Wednesday, 19 April 2017

Ipswich Wanderers 0 v 3 Felixstowe and Walton United

Monday 17th April 2017
Eastern Counties League Premier Division
Humber Doucy Lane, Rushmere
Admission: £6.00
Programme: £1.50
Attendance: 103
Match Rating: 3

For my final game of the Easter weekend, I decided to drive to Suffolk today, to visit a ground that has long been on my radar following reports from fellow groundhoppers of it being a rather old-fashioned, quirky ground with plenty of character. It certainly did not disappoint.

Humber Doucy Lane is located almost three miles to the east of Ipswich town centre, just as the urban area gives way to countryside, and some old fashioned signage by the main road provides the first indication of a ground oozing with character. Spectators enter at the end of the car park, into one corner of the ground, and immediately after the turnstile, a homely clubhouse is located to one side, a tea bar to the other, and an open area with picnic tables for fans to mingle with their refreshments. Stretching along this length, first there is a brick built stand covering a standing area, straddling the half way line is a fairly narrow stand covering wooden seats, and towards the other corner flag, 2 rows of plastic seats have some rather rudimentary cover held up by scaffolding poles. Behind the goal closest to the entrance, there are a couple of further blue small buildings, beyond which there is covered standing stretching to the far corner. There is just hard standing around the remaining length and behind the other goal. In the modern era, it is a really delightful ground - not a modern "off the shelf" metallic stand in sight, no unnecessary modern additions to the ground just to satisfy the ground graders, just a collection of stands of various heights, other random buildings, corrugated iron sheets acting as a boundary around much of the ground, all of which are painted in club colours of blue and white, and finished off with some nice touches of signage around the place. A further nice touch is that the song "The Wanderer" is played over the tannoy as the players come out of the dressing rooms.The programme could not be considered good value at £1.50 though, 10 pages out 24 were advertising and although it did cover the basics, it was rather light on content for the price.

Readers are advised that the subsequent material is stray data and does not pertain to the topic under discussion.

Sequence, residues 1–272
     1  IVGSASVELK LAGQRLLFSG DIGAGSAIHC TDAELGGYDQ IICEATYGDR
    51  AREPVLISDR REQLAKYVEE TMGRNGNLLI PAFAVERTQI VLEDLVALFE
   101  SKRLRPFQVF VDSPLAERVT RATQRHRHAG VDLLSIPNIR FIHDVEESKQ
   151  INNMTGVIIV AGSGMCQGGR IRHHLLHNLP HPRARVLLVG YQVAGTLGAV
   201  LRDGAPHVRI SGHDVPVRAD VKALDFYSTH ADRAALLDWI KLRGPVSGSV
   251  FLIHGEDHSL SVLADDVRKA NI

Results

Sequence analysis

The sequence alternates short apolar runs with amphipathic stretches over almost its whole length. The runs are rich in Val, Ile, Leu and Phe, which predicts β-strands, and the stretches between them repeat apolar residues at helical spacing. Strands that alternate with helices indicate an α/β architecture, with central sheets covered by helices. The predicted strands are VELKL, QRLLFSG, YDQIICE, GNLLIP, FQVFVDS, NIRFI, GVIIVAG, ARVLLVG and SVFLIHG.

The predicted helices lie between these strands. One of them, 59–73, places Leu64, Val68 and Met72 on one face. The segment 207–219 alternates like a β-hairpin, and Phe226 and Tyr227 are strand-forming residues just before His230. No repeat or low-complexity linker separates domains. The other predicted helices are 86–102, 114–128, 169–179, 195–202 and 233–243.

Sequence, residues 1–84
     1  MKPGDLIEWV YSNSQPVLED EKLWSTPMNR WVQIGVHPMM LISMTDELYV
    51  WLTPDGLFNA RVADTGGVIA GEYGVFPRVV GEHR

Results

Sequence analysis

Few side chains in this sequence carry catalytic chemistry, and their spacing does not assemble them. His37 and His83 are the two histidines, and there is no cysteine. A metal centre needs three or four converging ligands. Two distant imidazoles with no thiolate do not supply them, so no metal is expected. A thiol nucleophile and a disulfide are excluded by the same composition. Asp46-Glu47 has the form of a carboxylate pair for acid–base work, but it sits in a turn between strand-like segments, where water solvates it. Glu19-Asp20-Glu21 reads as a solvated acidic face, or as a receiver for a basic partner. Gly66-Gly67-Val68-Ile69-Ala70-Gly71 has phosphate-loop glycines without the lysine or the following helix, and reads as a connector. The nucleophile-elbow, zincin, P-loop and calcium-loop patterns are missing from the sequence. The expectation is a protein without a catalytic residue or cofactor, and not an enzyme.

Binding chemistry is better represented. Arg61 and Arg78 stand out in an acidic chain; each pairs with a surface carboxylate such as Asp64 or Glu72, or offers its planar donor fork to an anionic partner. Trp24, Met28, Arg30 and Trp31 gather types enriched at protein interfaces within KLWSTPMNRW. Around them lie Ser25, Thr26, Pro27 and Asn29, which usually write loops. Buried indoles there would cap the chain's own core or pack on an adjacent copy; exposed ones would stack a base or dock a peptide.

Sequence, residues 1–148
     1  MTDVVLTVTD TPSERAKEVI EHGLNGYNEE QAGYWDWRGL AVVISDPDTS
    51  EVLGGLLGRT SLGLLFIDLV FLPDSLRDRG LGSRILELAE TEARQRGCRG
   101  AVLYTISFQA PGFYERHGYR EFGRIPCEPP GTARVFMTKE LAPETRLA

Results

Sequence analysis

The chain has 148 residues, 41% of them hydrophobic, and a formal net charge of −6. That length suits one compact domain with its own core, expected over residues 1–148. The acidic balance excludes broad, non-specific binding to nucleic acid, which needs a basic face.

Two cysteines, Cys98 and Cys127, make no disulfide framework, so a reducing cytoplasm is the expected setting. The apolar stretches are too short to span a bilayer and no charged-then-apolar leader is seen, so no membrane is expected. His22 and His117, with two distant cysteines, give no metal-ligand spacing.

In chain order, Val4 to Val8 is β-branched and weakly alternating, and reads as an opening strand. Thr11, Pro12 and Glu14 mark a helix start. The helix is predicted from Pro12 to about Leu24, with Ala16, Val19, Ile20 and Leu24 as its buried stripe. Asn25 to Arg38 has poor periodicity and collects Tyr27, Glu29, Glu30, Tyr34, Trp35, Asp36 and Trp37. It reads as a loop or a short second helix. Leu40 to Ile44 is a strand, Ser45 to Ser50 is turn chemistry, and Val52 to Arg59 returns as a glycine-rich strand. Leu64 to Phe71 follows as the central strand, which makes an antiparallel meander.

Ipswich Wanderers are heading for a mid-table finish, coming into the Easter weekend in tenth place, following 16 wins and four draws from their 36 league games. Felixstowe and Walton have had a great season, and are certain of a top three finish. They came into this game with a mathematical chance of winning the league, but with a nine point deficit behind Mildenhall with four games left to play, their best hope would be to hold on to the second place they occupied for this match, having won 25 and drawn three of their 36 games. It was something of a coincidence that I watched the reverse fixture of today's game at Felixstowe on Boxing Day, which the home team completely dominated to win 3-0.

On an afternoon that was chilly when the sun went in but pleasantly warm when the sun came out, there was a real false dawn to this game, as Ipswich Wanderers dominated the opening exchanges and did most of the attacking ion the opening 20 minutes. It was certainly against the run of play when the visitors opened the scoring on 21 minutes. Following a corner, the ball fell to Craig Jennings at the edge of the area, and he curled a delightful shot over the crowd of players into the top corner. The visitors doubled their lead three minutes later, when Nick Ingram poked the ball home following a bit of a scramble inside the box. Just after the half hour, it seemed that the game was all over when Rhys Barber powerfully headed the ball home following a free kick, but the goal was ruled out for offside. But it was Felixstowe who looked fairly comfortable with their two goal lead at the break.

The second half was not much of a spectacle, which suited Felixstowe just fine as they controlled the game, never really giving the home side any hope of being able to get back in the game. Jordy Matthews scored the visitors' third when the ball ricocheted in after his initial shot was blocked. Ipswich did manage to mount a few attacks, but as frustration mounted towards the end, so their hope faded away too.

The three points keep Felixstowe on course for a runners-up spot, being a point ahead of Newmarket with just two games left, but their very faint hopes of claiming the title were extinguished when news came through that Mildenhall had won their game and the title.